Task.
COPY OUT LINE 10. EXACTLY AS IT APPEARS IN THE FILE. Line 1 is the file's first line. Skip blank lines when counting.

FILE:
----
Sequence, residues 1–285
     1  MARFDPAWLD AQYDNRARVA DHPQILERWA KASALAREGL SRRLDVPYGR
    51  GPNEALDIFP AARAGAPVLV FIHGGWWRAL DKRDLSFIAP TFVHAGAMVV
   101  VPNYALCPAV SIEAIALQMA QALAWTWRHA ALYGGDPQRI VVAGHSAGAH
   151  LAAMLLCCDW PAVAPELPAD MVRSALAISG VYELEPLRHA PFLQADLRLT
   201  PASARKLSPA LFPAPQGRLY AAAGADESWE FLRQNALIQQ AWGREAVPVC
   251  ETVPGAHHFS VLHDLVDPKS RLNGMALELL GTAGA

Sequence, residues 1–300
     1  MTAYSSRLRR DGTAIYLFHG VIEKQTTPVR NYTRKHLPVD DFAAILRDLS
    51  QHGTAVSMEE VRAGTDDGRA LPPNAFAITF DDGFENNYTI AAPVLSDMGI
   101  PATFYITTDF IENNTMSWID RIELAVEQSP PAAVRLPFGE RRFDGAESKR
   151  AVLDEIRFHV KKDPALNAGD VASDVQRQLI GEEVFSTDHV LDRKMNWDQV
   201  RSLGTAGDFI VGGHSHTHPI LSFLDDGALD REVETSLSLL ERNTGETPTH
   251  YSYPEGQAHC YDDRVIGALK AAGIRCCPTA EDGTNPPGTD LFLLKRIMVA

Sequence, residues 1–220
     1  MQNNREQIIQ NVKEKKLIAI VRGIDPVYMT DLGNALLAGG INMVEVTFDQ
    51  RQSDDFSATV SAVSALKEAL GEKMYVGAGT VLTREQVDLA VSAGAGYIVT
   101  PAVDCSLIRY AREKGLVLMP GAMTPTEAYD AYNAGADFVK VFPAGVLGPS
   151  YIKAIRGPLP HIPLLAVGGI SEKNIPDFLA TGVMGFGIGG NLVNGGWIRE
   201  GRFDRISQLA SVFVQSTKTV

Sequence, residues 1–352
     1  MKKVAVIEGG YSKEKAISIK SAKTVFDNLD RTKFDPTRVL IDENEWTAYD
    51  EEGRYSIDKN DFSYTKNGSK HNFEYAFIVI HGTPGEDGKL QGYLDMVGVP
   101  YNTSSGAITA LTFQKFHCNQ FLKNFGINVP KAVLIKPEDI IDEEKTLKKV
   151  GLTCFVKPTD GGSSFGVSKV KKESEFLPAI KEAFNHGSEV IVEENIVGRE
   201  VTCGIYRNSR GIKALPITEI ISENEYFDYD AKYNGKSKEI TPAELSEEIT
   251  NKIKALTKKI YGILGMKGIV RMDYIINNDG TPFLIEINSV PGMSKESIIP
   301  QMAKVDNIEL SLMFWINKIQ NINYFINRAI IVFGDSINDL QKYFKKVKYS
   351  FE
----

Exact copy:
    51  QHGTAVSMEE VRAGTDDGRA LPPNAFAITF DDGFENNYTI AAPVLSDMGI